Fibromyalgia Symptoms Explained
Fibromyalgia is a syndrome (fibromyalgia syndrome, or FMS), or a cluster of problems. People who have fibromyalgia suffer with pain, either all over or in particular places, have sleeping problems, are overwhelmingly tired and may have many other symptoms.
Five to ten per cent of the population has fibromyalgia. Most of them are women, but men and children do experience the symptoms, too.
Pain is the most distinguishing characteristic of fibromyalgia. Medically, it’s described as generalized musculoskeletal aches, pain and stiffness. For the pain to be diagnosed as fibromyalgia, it has to be present in all four body quadrants (arms and legs) for at least 3 months, and there has to be pain when pressure is applied to at least 11 of the 18 identified trigger points.
That’s the medical description. Here is how people with fibromyalgia describe it.
“I can hardly move because of the pain I’m in. I’m fighting to stay mobile.”
“There is no way to describe the pain. You live with it on a daily basis.”
“What people don’t realize is that I am in pain all the time, every day.”
“Sometimes you think, no big deal, it’s just pain. It’s not life threatening. Sometimes you wish it was. At least there’d be an end in sight.”
The pain waxes and wanes, varying in intensity. People have good days and bad days. Some days it’s not too bad; some days it’s pretty much disabling. The pain of fibromyalgia often gets worse on cold or humid days, when you haven’t slept well, when you are too inactive or too active, when you are stressed or when your hormones change.
The second most disabling characteristic of fibromyalgia is fatigue. Recent findings suggest that the fatigue is due to a stage four sleep disorder called alpha EEG anomaly. During deep stage four sleep, the brain has bursts of awake-like activity, so there is not enough undisturbed deep sleep for the body to get sufficient rest.
In addition to alpha EEG anomaly, many FMS sufferers also have sleep apnea, upper airway resistance syndrome, bruxism (teeth grinding during sleep), limb movement and jerking and restless leg syndrome. All of these contribute to the fatigue of fibromyalgia.
Again, this is how fibromyalgia sufferers describe their fatigue.
“The fatigue is worse than the pain.”
“Some days going to the bathroom feels like a ten-mile hike.”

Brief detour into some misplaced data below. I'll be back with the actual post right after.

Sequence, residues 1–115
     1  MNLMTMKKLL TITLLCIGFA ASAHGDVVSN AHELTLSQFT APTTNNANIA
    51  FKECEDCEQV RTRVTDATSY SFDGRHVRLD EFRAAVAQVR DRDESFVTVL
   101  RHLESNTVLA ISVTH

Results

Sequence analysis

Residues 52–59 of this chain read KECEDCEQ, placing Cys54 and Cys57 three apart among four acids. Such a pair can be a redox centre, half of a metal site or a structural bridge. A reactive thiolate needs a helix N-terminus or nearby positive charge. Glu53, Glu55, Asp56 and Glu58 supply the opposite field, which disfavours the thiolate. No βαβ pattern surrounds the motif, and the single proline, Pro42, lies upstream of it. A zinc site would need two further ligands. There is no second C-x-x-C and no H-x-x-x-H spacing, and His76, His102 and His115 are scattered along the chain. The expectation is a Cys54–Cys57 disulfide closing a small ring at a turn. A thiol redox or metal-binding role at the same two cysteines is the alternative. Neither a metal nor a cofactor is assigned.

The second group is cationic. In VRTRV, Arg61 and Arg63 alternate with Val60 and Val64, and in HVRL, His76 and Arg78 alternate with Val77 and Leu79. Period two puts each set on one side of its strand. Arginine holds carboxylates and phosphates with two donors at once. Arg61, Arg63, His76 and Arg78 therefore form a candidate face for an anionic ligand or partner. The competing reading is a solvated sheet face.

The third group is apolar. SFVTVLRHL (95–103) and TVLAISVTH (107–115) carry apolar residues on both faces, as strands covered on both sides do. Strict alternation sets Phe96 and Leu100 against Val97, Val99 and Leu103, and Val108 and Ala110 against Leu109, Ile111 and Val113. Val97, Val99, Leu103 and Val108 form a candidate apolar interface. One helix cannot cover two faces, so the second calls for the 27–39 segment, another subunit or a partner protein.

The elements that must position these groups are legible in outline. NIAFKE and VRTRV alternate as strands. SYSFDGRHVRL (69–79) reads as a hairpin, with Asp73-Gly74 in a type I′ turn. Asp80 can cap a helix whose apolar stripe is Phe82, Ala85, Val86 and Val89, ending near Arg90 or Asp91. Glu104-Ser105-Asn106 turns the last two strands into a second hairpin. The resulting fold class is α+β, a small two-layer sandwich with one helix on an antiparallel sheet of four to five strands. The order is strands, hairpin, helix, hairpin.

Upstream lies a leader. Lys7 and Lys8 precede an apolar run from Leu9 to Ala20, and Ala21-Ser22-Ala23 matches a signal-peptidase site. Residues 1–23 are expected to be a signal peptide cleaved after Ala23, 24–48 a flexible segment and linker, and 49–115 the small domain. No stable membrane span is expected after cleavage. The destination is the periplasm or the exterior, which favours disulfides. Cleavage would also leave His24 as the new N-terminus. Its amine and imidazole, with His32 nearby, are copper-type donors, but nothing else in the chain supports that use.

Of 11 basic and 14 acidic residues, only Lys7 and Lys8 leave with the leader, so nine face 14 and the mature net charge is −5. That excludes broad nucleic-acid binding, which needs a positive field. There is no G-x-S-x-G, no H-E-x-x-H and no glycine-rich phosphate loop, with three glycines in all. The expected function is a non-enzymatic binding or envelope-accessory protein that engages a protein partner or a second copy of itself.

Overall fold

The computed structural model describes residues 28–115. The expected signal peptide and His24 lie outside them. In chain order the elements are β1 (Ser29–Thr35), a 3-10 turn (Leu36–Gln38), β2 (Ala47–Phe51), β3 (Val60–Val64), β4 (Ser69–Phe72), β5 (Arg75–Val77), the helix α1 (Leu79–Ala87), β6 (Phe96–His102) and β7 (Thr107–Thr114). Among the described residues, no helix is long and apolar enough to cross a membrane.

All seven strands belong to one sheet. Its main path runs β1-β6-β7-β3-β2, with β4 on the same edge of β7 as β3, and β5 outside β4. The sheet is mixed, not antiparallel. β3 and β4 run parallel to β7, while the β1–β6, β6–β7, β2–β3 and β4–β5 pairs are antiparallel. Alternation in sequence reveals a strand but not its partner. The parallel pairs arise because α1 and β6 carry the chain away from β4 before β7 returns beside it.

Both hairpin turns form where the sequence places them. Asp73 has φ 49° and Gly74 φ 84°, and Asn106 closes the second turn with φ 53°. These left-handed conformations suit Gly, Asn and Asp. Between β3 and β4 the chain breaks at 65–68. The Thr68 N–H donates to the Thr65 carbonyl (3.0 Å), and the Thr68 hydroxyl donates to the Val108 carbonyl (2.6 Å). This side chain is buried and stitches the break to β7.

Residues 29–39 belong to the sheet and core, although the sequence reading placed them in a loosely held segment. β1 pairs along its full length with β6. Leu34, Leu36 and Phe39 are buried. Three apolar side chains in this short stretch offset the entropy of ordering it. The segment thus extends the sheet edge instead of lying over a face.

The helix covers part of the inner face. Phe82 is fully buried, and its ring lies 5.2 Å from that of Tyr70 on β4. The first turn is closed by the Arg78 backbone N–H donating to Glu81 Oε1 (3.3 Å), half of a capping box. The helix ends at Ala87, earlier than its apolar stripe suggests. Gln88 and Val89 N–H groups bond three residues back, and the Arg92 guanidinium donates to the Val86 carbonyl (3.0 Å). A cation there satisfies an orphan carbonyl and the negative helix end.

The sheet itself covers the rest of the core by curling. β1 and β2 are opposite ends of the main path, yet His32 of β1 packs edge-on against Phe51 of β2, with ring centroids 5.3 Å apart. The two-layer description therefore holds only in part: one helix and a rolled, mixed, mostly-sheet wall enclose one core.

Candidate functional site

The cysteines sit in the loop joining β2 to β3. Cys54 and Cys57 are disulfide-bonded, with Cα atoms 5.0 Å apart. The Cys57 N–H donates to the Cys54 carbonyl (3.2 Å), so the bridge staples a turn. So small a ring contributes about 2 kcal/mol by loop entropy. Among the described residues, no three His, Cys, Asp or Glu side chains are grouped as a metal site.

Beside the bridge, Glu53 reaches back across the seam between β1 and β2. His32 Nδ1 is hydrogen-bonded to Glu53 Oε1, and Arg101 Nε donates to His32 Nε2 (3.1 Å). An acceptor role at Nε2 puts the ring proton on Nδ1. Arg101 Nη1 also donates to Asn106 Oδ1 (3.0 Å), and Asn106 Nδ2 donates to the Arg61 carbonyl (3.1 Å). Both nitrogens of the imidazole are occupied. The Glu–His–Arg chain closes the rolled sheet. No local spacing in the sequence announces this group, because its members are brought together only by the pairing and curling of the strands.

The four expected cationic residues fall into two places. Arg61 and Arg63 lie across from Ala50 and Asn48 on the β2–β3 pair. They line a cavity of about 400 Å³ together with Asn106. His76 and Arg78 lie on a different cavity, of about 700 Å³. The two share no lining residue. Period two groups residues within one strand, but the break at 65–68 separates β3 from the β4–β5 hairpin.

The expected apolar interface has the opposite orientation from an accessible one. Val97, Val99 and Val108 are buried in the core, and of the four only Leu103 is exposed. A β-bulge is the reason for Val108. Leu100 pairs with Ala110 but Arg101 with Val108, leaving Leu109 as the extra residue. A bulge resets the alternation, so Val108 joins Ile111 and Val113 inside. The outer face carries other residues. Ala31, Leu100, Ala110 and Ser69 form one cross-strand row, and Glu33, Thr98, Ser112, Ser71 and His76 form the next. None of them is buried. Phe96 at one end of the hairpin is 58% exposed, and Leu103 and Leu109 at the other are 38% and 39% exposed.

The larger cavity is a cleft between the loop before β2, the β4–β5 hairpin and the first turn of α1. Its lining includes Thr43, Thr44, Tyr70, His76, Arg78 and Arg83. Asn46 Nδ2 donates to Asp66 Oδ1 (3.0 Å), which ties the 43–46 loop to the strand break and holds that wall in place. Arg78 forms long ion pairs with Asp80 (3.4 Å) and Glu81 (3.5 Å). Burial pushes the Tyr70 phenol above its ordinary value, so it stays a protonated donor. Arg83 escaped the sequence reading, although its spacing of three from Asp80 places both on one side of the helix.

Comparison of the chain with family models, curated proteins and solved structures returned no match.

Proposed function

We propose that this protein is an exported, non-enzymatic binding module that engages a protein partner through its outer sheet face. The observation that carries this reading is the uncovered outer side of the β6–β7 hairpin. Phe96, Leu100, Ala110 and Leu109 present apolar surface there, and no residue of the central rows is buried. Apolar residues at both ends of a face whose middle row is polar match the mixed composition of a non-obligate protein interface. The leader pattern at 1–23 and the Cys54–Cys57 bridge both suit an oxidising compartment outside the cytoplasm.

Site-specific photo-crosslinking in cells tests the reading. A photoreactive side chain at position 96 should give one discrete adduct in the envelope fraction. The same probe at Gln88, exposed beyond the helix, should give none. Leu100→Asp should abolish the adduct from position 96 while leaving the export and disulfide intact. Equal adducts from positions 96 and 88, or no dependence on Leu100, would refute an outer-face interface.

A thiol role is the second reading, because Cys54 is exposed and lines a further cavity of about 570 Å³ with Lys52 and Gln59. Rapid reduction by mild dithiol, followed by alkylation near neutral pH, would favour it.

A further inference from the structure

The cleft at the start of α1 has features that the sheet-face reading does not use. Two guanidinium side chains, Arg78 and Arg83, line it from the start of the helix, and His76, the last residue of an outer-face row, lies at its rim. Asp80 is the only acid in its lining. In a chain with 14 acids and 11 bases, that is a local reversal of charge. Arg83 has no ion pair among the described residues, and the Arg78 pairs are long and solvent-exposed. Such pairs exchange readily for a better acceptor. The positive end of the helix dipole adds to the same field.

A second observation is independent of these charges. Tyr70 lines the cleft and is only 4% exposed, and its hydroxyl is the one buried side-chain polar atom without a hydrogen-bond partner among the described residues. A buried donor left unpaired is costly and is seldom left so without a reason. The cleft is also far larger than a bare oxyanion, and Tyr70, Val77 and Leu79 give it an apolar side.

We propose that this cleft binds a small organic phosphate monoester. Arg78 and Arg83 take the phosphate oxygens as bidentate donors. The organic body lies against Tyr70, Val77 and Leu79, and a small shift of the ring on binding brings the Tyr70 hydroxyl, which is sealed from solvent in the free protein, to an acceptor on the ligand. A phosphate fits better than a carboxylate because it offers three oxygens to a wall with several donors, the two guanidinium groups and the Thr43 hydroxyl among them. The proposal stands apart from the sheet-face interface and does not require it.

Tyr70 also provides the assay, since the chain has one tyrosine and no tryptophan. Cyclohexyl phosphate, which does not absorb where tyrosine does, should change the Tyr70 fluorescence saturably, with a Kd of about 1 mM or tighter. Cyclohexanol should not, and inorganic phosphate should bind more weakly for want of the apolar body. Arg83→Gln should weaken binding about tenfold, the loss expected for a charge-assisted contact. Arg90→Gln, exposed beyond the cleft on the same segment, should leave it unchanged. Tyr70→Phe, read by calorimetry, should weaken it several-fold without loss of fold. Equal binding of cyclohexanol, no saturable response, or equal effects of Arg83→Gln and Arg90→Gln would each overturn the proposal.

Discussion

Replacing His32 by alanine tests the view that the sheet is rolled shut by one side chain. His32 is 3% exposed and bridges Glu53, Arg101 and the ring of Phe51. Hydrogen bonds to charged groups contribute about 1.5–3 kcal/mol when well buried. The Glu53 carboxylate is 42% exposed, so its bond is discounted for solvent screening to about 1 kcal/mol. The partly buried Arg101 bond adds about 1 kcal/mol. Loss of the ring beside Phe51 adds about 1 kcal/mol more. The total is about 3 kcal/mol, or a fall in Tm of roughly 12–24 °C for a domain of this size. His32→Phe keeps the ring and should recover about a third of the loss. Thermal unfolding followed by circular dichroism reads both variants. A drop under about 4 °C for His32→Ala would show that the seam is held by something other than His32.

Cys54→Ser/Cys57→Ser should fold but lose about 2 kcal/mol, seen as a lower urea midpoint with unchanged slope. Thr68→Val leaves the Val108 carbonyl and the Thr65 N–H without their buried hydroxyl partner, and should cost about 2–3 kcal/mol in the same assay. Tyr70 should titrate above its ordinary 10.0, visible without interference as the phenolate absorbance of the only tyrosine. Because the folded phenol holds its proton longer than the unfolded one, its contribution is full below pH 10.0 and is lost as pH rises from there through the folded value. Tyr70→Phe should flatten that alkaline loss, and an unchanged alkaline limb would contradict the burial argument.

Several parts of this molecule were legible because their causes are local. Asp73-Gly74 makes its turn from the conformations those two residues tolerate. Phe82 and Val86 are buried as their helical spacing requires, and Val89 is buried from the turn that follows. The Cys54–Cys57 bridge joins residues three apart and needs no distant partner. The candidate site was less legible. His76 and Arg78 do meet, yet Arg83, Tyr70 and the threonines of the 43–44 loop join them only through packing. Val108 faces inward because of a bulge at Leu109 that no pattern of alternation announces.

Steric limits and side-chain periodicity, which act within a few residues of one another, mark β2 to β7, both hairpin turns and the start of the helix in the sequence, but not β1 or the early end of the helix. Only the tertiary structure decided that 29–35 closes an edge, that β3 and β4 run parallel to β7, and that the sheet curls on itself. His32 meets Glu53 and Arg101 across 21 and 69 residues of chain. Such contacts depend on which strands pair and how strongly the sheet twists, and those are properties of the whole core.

“On bad days, all I can do is turn on the TV for the kiddies and veg with them.”
Pain and fatigue are the most disabling features of fibromyalgia, but there are other distressing symptoms, too. 40-70 per cent of fibromyalgia sufferers experience irritable bowel syndrome or other gastrointestinal problems. Constipation and diarrhea, abdominal pain, excessive gassiness, nausea and gastroesophageal reflux are common.
Many fibromyalgia sufferers are distressed by associated mental and emotional problems that manifest themselves alongside the physical ailments. Anxiety and depression are common. It’s not known whether they are independent factors, or if they are related to living in constant pain and fatigue and the social stigma of fibromyalgia. People also complain of confusion, experiencing difficulty thinking clearly and a reduction in ability to perform mental tasks. This overall mental fogginess has been termed “fibro fog.”
Other symptoms of fibromyalgia include headaches, restless leg syndrome, skin sensitivity and rashes, dry eyes and mouth, Reynaud’s syndrome, and various neurological problems.
Fibromyalgia is an invisible disease. Sufferers look fine on the surface. However, under their outward appearance they are often exhausted and in excruciating pain. Fibromyalgia is a chronic illness that is, at its worst, incredibly disabling. The symptoms have to be managed, and even then the pain and fatigue wax and wane. It’s a difficult disease to live with, but it’s not hopeless. Medical care and lifestyle management can make a big difference in how you feel if you are suffering from fibromyalgia.
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